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Adventurer, No 126

- N° 131 - - -- N° 138

History of Rasselas, Prince of Abissinia

- N° 137

- 278
- 292
- 299





Translated from BRUMOY *.


T CONCLUDE this work according to my proa I mise, with an account of the Comic Theatre, and intreat the reader, whether a favourer or an enemy of the ancient Drama not, to pass his censure upon the authors or upon me, without a regular perusal of

* Published by Mrs. Lennox in 4to, 1759. To the third volume of this work the following Advertisement is prefixed. “ In this « volume, the Discourse on the Greek Comedy, and the General “ Conclusion, are translated by the celebrated author of the Ram« bler. The Comedy of the Birds, and that of Peace, by a young “ Gentleman. The Comedy of the Frogs, by the learned and in“ genious Dr. Gregory Sharpe. The Discourse upon the Cyclops, « by John Bourrya, Esq. The Cyclops, by Dr. Grainger, au : " thor of the translation of Tibullus.” E. • Vol. III.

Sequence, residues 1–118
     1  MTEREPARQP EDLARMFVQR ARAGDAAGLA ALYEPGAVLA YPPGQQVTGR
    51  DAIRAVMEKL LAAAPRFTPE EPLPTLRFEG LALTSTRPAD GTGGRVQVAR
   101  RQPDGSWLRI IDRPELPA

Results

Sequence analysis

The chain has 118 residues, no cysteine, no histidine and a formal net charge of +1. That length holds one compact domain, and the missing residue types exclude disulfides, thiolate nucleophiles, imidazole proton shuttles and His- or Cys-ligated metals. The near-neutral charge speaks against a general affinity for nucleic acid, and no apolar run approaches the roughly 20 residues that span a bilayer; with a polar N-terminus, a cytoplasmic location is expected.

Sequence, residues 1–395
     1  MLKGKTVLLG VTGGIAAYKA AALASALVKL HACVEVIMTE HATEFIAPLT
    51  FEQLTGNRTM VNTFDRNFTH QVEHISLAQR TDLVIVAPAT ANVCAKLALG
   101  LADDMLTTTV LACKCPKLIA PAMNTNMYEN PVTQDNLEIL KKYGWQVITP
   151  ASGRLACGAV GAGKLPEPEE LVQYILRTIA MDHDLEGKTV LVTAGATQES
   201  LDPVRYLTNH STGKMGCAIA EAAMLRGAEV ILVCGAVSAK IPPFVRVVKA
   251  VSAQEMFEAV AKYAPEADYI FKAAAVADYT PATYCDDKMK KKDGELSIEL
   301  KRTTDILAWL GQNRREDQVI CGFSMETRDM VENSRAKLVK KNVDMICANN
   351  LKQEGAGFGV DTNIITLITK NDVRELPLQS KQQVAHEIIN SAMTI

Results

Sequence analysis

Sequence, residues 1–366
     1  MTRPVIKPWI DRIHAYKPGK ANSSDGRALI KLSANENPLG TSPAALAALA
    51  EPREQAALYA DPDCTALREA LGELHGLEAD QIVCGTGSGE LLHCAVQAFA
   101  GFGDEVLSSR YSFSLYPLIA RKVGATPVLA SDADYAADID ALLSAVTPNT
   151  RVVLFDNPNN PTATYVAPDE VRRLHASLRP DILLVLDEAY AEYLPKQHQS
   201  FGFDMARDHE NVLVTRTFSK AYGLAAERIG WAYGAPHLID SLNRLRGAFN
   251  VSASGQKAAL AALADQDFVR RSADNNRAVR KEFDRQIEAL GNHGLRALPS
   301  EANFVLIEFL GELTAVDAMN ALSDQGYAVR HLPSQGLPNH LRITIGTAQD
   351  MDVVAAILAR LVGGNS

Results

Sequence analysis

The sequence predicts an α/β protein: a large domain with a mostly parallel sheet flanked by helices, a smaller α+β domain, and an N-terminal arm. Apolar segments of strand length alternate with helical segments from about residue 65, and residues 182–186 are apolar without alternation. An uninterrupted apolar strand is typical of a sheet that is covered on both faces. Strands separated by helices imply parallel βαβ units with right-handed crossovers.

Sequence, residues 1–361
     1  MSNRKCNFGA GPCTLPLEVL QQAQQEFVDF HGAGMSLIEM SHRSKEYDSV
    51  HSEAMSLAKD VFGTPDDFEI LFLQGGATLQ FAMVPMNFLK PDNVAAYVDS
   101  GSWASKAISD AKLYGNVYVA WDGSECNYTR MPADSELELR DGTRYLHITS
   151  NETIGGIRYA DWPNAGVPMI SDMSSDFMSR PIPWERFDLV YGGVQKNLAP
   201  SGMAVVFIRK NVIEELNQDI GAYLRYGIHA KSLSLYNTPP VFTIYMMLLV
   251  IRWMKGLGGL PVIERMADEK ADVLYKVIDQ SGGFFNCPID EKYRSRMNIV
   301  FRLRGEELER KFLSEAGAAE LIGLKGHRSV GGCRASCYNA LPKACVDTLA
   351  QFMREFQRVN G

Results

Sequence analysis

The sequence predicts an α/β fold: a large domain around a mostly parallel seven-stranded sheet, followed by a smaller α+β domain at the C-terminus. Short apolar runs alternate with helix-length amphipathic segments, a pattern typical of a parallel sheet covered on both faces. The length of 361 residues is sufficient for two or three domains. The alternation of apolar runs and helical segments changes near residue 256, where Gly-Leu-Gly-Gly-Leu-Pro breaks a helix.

this whole work. For, though it seems to be composed of pieces of which each may precede or follow without dependance upon the other, yet all the parts, taken together, form a system which would be destroyed by their disjunction. Which way shall we come at the knowledge of the ancients shews, but by comparing together all that is left of them? The value and necessity of this comparison determined me to publish all, or to publish nothing. Besides, the reflections on each piece, and on the general taste of antiquity, which, in my opinion, are not without importance, have a kind of obscure gradation, which I have carefully endeavoured to preserve, and of which the thread would be loft by him who should nightly glance sometimes upon one piece, and sometimes upon another. It is a structure which I have endeavoured to make as near to regularity as I could, and which must be seen in its full extent and in proper succession. The reader who skips here and there over the book, might make a hundred objections which are either anticipated, or answered in those pieces which he might have overlooked. I have laid such stress upon the connection of the parts of this work, that I have declined to exhaust the subject, and have suppressed mnany of my notions, that I might leave the judicious reader to please himself by forming such conclusions as I suppo ed him like to discover, as well as myself. I am not here attempting to prejudice the reader by an apology either for the ancients, or my own manner. I have not claimed a right of obliging others to determine, by my opinion, the degrees of esteem which I think due to the authors of the Athenian Stage; nor do I think that their reputation in the present time,


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